Thursday, December 17, 2009

Jon Stewart Rips Laura Ingraham for Holocaust References

A few years back, the Right Wingnuts went crazy when Illinois Senator Dick Durbin dared to suggest that the photos coming out of Abu Ghraib prison reminded him of something he would expect to find in a totalitarian regime. Now, however, these same jackasses have no qualms about using Holocaust analogies to oppose health care reform that would still leave Americans far short of what citizens enjoy in almost every other industrialized democracy in the world.

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Perhaps Stewart's best line was his response to the moron who insisted that "we can never let the pen become mightier than the sword."

"The pen being mightier than the sword is only the basis for our civilization."


  1. Vinny,

    I've been visiting some of the left-leaning blogs listed under the heading "Left Ones" on my blog. It hasn't been especially rewarding as yet.

    But this post is especially disturbing considering I had always found you more rational even when I was disagreeing with you. Let me explain what's wrong with this Stewart piece.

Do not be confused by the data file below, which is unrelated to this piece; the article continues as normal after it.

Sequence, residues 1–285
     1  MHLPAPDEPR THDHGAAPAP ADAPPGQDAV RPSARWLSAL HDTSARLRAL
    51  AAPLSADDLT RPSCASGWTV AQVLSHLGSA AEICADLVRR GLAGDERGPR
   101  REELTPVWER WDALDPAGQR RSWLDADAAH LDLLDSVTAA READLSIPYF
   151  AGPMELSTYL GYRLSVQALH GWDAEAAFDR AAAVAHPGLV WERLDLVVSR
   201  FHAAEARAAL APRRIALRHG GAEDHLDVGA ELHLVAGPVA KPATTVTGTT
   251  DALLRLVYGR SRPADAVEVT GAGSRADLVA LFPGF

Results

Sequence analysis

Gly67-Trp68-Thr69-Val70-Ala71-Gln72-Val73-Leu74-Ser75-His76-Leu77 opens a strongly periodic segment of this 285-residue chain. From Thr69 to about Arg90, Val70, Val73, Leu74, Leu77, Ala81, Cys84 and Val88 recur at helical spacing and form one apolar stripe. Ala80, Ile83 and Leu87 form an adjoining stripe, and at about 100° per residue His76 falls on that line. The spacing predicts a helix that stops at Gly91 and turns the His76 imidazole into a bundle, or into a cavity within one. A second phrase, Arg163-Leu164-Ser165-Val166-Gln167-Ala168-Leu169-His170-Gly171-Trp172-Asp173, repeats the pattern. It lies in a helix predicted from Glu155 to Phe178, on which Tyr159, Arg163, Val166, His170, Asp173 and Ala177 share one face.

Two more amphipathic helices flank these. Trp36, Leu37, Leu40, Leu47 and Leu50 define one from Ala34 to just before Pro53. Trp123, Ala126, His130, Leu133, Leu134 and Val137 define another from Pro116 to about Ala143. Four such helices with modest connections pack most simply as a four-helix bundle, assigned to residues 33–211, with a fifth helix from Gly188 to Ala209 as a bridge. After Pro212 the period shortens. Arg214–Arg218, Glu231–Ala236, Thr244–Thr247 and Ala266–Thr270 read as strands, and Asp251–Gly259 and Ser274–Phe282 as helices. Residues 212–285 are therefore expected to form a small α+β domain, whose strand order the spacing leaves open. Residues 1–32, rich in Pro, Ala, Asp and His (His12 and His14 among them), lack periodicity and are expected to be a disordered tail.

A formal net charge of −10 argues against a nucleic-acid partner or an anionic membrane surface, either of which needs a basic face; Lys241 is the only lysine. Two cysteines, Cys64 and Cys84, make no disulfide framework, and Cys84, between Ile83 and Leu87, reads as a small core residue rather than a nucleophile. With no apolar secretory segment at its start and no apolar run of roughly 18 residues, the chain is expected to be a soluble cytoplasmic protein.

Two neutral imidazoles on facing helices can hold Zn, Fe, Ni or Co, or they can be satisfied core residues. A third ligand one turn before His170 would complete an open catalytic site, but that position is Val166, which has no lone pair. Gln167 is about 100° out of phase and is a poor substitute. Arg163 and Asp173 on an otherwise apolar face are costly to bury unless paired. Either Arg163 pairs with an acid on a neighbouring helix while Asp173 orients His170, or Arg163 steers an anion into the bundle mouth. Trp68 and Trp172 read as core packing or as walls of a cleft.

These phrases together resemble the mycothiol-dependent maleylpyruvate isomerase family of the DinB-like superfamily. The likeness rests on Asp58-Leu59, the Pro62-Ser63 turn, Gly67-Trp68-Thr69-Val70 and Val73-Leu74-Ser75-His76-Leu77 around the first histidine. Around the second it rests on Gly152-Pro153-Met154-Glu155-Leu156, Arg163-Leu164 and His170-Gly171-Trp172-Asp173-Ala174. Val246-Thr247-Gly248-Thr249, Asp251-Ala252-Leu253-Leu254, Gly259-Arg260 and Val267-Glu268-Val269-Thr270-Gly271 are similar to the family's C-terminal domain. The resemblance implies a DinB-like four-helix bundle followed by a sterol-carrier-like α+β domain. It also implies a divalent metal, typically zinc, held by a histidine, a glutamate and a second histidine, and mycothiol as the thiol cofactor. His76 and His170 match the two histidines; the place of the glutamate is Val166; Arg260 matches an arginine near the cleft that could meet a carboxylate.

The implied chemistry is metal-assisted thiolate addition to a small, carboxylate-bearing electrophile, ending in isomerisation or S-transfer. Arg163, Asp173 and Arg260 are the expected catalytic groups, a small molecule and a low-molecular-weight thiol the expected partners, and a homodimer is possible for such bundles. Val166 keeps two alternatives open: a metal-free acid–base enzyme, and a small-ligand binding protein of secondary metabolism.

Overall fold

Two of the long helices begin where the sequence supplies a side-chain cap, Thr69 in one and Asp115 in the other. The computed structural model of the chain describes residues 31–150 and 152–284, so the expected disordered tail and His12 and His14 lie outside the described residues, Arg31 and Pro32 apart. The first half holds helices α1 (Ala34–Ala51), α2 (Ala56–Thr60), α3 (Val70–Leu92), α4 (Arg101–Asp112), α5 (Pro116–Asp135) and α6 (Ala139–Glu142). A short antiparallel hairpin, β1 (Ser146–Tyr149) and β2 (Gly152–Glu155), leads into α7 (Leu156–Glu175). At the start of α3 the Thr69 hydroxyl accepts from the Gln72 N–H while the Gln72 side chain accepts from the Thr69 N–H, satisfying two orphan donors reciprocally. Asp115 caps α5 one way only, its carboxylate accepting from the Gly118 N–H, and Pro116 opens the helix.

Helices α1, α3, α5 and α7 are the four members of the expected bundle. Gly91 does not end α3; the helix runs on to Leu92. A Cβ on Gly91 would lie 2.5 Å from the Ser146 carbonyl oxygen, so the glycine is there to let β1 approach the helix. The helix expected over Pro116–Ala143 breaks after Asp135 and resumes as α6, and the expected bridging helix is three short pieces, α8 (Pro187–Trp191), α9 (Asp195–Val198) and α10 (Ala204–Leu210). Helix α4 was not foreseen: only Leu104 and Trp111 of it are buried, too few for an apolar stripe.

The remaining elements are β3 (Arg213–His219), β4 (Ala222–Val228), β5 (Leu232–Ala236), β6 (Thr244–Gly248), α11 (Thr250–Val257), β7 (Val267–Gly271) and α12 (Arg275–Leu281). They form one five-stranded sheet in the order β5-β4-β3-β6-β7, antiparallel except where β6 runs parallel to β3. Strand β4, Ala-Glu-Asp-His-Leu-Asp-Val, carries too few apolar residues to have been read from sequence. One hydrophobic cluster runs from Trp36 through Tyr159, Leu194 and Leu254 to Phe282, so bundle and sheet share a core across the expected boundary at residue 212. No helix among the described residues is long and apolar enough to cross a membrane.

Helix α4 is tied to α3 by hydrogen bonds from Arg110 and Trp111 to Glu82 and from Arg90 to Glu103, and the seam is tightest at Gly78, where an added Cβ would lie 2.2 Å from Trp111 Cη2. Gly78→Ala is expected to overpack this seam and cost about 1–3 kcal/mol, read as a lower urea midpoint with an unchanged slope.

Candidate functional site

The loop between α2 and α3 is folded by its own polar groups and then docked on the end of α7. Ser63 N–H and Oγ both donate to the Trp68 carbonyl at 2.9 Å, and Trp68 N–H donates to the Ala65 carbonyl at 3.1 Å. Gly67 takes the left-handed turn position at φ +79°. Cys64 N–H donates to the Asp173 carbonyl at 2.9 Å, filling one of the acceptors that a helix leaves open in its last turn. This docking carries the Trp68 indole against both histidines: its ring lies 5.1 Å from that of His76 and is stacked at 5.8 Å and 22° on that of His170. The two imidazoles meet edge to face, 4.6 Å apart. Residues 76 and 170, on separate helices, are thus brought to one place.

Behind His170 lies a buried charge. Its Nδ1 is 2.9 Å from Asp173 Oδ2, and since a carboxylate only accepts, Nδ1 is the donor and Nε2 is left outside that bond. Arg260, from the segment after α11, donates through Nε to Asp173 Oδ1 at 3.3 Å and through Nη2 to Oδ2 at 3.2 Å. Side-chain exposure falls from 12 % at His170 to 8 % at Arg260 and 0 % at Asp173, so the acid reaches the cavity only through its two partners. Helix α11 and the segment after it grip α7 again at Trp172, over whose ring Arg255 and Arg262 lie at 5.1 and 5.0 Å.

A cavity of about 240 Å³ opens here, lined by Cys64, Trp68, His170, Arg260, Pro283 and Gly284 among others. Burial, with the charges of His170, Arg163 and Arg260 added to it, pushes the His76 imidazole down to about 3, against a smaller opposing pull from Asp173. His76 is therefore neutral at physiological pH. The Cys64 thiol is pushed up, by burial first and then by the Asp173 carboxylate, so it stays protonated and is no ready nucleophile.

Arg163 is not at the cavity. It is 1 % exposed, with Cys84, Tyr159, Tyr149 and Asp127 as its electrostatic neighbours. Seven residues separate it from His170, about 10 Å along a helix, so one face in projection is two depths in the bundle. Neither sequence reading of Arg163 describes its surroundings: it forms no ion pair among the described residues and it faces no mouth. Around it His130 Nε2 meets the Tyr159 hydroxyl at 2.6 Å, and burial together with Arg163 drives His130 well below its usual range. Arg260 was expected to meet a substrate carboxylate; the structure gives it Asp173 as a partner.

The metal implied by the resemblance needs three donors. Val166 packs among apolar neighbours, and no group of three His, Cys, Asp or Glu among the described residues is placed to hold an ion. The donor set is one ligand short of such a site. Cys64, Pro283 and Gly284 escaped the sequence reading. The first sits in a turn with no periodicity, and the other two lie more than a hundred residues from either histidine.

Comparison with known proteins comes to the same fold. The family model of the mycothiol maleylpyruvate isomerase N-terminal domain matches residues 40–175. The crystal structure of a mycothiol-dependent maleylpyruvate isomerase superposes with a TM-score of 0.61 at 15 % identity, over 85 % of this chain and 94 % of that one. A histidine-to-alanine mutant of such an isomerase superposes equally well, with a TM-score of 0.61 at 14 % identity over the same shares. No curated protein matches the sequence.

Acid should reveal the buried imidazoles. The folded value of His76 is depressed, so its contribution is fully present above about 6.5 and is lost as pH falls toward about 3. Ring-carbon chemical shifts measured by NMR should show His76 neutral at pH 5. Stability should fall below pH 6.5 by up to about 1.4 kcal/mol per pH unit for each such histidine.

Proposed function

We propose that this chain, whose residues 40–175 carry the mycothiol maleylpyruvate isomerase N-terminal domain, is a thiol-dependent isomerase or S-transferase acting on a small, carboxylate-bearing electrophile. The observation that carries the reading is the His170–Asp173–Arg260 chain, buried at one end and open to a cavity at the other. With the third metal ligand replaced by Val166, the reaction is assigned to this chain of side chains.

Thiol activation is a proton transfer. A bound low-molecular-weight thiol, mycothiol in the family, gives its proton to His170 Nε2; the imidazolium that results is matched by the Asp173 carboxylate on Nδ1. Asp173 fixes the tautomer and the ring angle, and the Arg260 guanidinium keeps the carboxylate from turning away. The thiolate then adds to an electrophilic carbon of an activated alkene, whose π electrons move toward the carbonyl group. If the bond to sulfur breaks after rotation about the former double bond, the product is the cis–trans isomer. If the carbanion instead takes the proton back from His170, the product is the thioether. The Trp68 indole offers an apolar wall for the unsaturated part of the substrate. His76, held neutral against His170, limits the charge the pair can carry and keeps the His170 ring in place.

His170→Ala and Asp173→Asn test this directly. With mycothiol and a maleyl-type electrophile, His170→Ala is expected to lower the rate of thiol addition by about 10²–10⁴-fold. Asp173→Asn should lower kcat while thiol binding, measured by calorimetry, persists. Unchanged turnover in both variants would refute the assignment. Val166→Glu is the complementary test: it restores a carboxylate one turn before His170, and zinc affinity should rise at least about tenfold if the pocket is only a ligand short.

First of all, unlike most right-wingers who have as much time to do so, he fails to give more than just the slightest of snippets. This, of course, makes it easier to mock the person highlighted, but worse than that, he uses it to make himself seem like he's got a real point of contention to abuse.

    The first was the quick remark about not killing babies. I can't believe it would be difficult to imagine this refers to these pathetic reform bills financing abortions with tax dollars. Most people of logic and honor recognize that people are people from conception and their personhood is as precious as anyone else. Even those who disagree should recognize what such people mean when saying things about "killing babies" in such a context and to mock them with no decent support for their alternative opinion is low indeed.